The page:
Cell service/Wi-Fi – Cuba has come a long way in the last few years when it comes to connecting to the outside world. However, they’re definitely still far behind most places I’ve visited in the world. Getting a SIM card at the airport and in town is possible, but the higher cost with not much data deterred me from even bothering. I relied only on Wi-Fi, and even that was spotty. Casa Lunass charges $1 an hour to use the Wi-Fi as she had to physically turn it on every time I wanted to use it. I would also strongly recommend downloading a VPN before you leave home as the internet is government owned and heavily censored. Access to American apps is limited. 

Maps – Because of the limited and spotty Wi-Fi and cell service, you should download offline maps on your phone before you leave home! For this, I use two apps that I love interchangeably. Maps.me is my favorite as it has not only offline maps but offline navigation as well. The other app I use is the classic Google Maps. I like the pinning features better than Maps.me and access to reviews more on google maps so it is easier to find restaurant recommendations.


My trip to Cuba was only 5 days, and I barely scratched the surface on what to do. Every day I was in Cuba I did a different AirBnB experience, and there were enough of those to choose from that I could have spent a month taking them. Here are my favorite experiences that I did…

The Cuban Trilogy: Coffee, Rum, and Cigars ($30) – I arrived in Havana in the morning, and my first tour was to dive into three of my favorite things: coffee, rum, and cigars. I absolutely loved this experience, and I’m no stranger to the world of cigars. Having made two trips to Estelí, Nicaragua, I was surprised at how much I learned during this time… all while smoking a world famous Cohiba. This tour may seem expensive by Cuban standards, but a Cohiba alone can run you $30 in the shops.

 Viñales Horseback Ride ($20) – A good friend recommended a trip to Viñales, about two and a half hours away from Havana, tucked in beautiful mountains. I really wish I had more time in Viñales, and it is definitely a place I’ll be returning to. This experience was incredible, and one of the best values in Cuba. We took horses into the mountains and to a local tobacco farm, where we smoked cigars with the farmers while learning about the growing and fermenting of tobacco. After this, we watched an incredible sunset while enjoying one of the best meals I had had in my whole week. For $20, we had the horseback ride, a cigar, rum tasting, AND dinner. Really can’t beat that. I opted to spend the night in a Casa Particulare owned by the parents of my guide, and it cost me $14. When I booked the tour, I reached out to my guide to help me arrange a shared taxi to and from Viñales, which cost me $20 each way. A private taxi can run $150 each way, and this was a much better way to travel on a budget.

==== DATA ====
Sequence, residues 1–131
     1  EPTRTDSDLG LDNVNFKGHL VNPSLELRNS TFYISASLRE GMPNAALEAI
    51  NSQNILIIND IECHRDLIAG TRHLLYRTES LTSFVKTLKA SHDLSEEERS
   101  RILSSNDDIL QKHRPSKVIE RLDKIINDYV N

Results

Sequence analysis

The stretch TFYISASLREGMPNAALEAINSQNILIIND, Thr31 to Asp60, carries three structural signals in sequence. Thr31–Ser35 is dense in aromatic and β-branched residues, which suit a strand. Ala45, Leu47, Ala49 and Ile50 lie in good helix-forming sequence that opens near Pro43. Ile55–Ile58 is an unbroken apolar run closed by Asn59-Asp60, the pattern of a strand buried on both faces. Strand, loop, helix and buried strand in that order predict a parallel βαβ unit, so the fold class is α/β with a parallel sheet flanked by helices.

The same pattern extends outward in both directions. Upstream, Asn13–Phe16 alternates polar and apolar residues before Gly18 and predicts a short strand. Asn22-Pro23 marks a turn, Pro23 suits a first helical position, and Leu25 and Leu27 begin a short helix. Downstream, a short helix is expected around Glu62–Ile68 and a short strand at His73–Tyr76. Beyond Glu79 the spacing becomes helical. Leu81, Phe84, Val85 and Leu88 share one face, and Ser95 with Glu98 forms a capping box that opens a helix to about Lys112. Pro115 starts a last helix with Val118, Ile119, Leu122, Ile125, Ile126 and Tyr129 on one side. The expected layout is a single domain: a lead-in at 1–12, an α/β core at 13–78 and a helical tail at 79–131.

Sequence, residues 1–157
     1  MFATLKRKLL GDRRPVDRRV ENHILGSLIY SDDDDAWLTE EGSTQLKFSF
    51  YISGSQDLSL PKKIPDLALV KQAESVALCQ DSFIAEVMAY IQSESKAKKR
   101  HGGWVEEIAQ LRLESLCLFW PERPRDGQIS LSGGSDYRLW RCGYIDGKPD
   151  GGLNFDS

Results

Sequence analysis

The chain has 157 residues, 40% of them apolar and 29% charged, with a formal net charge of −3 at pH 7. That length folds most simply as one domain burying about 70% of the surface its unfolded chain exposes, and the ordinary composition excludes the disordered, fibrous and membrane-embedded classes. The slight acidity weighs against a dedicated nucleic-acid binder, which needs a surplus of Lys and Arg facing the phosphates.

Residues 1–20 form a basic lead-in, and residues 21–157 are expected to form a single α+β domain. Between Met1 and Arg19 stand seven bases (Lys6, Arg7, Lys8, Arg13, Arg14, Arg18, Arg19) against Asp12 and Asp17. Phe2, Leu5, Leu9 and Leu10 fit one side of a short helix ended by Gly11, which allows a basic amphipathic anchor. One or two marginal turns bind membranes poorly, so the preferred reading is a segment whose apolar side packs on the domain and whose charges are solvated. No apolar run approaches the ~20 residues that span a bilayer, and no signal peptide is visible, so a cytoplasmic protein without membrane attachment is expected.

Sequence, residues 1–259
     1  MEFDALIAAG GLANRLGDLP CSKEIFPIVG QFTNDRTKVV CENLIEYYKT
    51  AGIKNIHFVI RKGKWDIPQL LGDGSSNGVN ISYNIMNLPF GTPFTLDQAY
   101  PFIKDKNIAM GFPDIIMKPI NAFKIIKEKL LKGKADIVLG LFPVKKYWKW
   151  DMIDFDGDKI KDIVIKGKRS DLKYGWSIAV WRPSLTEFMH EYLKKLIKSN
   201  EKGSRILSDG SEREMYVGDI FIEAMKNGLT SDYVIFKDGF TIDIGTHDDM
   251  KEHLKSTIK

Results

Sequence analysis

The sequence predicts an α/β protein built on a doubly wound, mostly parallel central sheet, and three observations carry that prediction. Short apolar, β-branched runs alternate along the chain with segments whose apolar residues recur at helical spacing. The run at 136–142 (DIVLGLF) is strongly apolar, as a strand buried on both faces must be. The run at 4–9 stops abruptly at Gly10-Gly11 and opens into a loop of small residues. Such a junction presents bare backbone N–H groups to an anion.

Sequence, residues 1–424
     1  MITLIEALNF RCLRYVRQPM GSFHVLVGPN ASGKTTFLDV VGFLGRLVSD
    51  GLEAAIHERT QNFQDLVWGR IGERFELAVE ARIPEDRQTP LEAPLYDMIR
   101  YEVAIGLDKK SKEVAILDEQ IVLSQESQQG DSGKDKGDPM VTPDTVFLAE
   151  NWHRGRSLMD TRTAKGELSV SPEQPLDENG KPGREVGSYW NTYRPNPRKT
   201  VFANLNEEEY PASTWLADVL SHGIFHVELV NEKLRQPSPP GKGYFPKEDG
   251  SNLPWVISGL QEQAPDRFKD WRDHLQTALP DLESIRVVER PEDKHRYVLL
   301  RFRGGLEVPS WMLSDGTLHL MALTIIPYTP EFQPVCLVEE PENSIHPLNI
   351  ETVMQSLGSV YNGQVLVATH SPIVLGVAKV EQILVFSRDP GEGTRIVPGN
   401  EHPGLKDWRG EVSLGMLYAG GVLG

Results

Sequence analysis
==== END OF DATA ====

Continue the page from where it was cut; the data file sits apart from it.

Street Photography Workshop $30 – As a professional photographer, I had a blast hanging out with a professional photojournalist from Havana. I’m not a street photographer, and Juan seemed to know everything and everyone in Havana. Loved this experience and how unique it was. Whether you’re a professional or an amateur, this is well worth it.

 Old Havana Walking Tour – I’m not going to link the particular tour I did because I didn’t particularly care for my guide or his rushed tour that I could have easily done alone. But I do recommend taking one of the numerous Old Havana walking tours or just walking around yourself! One day I covered 28,000 steps just walking the side streets of Havana, and I couldn’t get enough of the old cars and colorful life around every turn.


Let’s break down my budget for the trip and how I spent less than $700 (including my flights to and from Cuba) for the 5 days.

Breakdown – I could have easily gotten my daily average down if I had stayed longer. My most significant expenses were flights to and from Cuba, a Cuban Visa, and my taxi ride to and from the airport and the taxi to and from Viñales. Those are non-negotiables so you might as well stay longer to make the big moves count. The food scene is delicious and affordable, with most lunches coming in around $5 and most dinners coming in around $10-15 with drinks (I even had a two lobster tail dinner with two Cuba Libres for a total of $11.60).


Cuba was truly a destination unlike any I’ve ever been to. Only spending five days barely scratched the surface, and I’m already planning a return trip asap. To be honest, I was shocked by the number of well-traveled friends who didn’t even know that Americans could visit Cuba. This is why I dusted off my old blog after a few years to try my best to spread the word about this incredible place. The Cuban people welcomed me with open arms and deserve the same kindness returned upon them.

Happy adventuring, friends,


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Andy Austin